Latency-Aware Information Access with User-Directed Fetch Behaviour for Weakly-Connected Mobile Wireless Clients

James P.G. Sterbenz, Tushar Saxena, and Rajesh Krishnan,
Latency-Aware Information Access with User-Directed Fetch Behaviour for Weakly-Connected Mobile Wireless Clients,
BBN Technical Report 8340, 9 May 2002.
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ABSTRACT

Mobile wireless clients have highly variable network connectivity and available bandwidth. There are times when they may be completely disconnected from the larger Internet. This dynamism of connectivity poses unique constraints for the problem of information access in general, and Web access in particular. These and other factors (such as loaded servers and congested networks) contribute to unpredictably high response times in content retrieval.

We examine the problem of improving the utility of information access applications for these imperfectly connected devices. In particular, we are concerned with three related problems:

  1. Providing information to the user on the estimated response time to retrieve content, the freshness of cached content, and the status on the strength of connection to the network. This information allows the user to make informed decisions about which content to retrieve, and how to retrieve it. We propose that client applications should be latency-aware with location translucency.
  2. Giving the user control over how the client application behaves when desired content is either not fresh or absent from the cache, for example, whether the user waits for the content, uses an out-of-date cached version, or both. We propose that clients should support user-directed fetch behaviour.
  3. Keeping the content cache as current as practical. In addition to conventional techniques such as demand prefetching and push preloading, we propose to build a profile of user activity. During periods of strong connectivity, the client application should hoard to keep the cache fresh, so that content will be locally available when disconnected from the network.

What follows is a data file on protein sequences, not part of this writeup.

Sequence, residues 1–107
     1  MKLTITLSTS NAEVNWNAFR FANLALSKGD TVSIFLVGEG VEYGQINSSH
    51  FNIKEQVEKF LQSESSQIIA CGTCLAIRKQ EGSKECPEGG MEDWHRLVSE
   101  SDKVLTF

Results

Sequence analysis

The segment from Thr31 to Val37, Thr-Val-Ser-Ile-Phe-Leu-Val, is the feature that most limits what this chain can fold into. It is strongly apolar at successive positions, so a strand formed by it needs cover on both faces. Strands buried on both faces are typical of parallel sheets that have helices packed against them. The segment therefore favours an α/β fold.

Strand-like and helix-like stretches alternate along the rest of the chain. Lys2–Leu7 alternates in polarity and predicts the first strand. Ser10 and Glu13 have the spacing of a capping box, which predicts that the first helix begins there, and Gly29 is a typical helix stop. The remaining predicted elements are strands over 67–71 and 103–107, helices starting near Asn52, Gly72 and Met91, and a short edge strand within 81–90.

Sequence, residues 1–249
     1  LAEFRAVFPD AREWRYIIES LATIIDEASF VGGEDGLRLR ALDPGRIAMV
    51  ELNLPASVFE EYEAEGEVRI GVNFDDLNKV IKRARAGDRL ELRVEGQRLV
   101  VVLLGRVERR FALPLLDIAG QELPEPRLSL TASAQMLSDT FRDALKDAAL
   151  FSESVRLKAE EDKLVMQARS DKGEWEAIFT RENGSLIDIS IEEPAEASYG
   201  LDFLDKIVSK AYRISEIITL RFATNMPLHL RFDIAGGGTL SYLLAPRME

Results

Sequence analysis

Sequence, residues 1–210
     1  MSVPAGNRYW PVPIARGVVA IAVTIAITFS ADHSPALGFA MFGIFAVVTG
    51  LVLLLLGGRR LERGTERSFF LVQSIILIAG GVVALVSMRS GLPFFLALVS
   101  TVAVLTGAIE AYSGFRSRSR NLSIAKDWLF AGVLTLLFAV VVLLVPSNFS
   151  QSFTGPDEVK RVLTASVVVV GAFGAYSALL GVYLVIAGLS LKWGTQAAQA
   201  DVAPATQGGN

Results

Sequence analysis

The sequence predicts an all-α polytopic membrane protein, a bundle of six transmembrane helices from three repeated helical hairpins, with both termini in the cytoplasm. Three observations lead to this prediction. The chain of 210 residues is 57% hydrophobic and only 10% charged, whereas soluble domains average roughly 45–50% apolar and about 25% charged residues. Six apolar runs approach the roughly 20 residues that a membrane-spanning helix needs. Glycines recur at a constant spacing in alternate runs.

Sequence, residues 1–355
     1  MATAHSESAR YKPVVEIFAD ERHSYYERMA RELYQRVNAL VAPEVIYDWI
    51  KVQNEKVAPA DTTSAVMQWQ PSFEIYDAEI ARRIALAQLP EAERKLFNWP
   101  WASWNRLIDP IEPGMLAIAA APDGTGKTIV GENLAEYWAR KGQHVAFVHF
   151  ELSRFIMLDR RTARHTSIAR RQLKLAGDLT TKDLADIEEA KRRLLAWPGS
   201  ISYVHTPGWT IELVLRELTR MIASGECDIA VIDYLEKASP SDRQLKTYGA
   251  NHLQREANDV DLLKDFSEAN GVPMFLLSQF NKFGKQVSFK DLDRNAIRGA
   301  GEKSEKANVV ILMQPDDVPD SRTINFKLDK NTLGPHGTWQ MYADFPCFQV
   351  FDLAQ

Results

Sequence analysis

We describe the problem, through a motivating, application, and present our architecture, design, and prototype implementation, followed by a discussion of research issues to be explored. Our work draws on the experiences of designing mobile clients in other scenarios such as distributed file systems (e.g. Coda), as well the large body of work on Web caching and anticipation.

Keywords

High-speed, low-latency, mobile, wireless, weakly connected, disconnected, information access, web browsing, hoarding, caching, anticipation.

Latency-aware, delay-tolerant, disruption-tolerant, DTN, cross-layer interaction and optimization optimisation, knobs and dials.

Outline

  1. INTRODUCTION
  2. MOTIVATING APPLICATION
  3. ENVIRONMENT
    1. Very Long Latency Links
    2. Mobile Wireless Networks
    3. Congested Networks and Loaded Servers
  4. LATENCY-AWARE INFORMATION ACCESS CONCEPTS
    1. Latency-Aware Information Access
      1. Response Time Estimates
      2. Freshness Estimates
      3. Connectivity Information
    2. User-Directed Fetch Behaviour
    3. Profile-Based Hoarding
  5. PROTOTYPE IMPLEMENTATION AND OPERATION
    1. Client Response Time and Freshness Estimate
      1. Client Connectivity
      2. Per URL Details
    2. Network Connectivity Monitor
    3. User Fetch Controls
    4. Client Caching
    5. User Profiling and Emulation
  6. CONCLUSIONS AND FUTURE WORK
    1. Response Time Estimates
      1. Network Connectivity Estimates
      2. Server Metadata
      3. First Usable Increment
      4. Mixed Pages with Inlined Images and Applets
    2. Scheduling
      1. Aggressiveness of Hoarding
      2. Current Requests vs. Hoarding and Prefetching
      3. Multiple Users
    3. Dynamic Content
    4. Conclusion
  7. ACKNOWLEDGMENTS
  8. REFERENCES

Last updated 16 November 2003 – Valid XHTML 1.1Lynx inspectedW3C AAA Conformance
©2003 James P.G. Sterbenz <jpgs@sterbenz.org>